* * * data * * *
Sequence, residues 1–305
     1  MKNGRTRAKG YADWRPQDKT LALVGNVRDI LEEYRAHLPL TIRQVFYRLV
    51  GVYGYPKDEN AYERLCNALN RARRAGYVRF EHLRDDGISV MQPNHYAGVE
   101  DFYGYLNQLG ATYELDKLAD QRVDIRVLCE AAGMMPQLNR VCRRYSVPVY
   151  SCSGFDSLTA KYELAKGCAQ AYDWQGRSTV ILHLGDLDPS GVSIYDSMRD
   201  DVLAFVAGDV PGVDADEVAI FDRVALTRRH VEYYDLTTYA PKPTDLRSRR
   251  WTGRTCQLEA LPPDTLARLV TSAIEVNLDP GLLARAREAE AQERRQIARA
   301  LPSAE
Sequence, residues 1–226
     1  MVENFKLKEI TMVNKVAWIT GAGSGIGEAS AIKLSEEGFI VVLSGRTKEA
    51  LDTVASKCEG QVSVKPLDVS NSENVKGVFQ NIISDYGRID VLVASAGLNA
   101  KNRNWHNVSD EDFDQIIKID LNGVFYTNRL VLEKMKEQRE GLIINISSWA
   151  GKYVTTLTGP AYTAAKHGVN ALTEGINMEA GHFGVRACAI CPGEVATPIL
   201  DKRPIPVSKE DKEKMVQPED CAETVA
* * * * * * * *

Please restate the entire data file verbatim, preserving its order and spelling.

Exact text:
Sequence, residues 1–305
     1  MKNGRTRAKG YADWRPQDKT LALVGNVRDI LEEYRAHLPL TIRQVFYRLV
    51  GVYGYPKDEN AYERLCNALN RARRAGYVRF EHLRDDGISV MQPNHYAGVE
   101  DFYGYLNQLG ATYELDKLAD QRVDIRVLCE AAGMMPQLNR VCRRYSVPVY
   151  SCSGFDSLTA KYELAKGCAQ AYDWQGRSTV ILHLGDLDPS GVSIYDSMRD
   201  DVLAFVAGDV PGVDADEVAI FDRVALTRRH VEYYDLTTYA PKPTDLRSRR
   251  WTGRTCQLEA LPPDTLARLV TSAIEVNLDP GLLARAREAE AQERRQIARA
   301  LPSAE
Sequence, residues 1–226
     1  MVENFKLKEI TMVNKVAWIT GAGSGIGEAS AIKLSEEGFI VVLSGRTKEA
    51  LDTVASKCEG QVSVKPLDVS NSENVKGVFQ NIISDYGRID VLVASAGLNA
   101  KNRNWHNVSD EDFDQIIKID LNGVFYTNRL VLEKMKEQRE GLIINISSWA
   151  GKYVTTLTGP AYTAAKHGVN ALTEGINMEA GHFGVRACAI CPGEVATPIL
   201  DKRPIPVSKE DKEKMVQPED CAETVA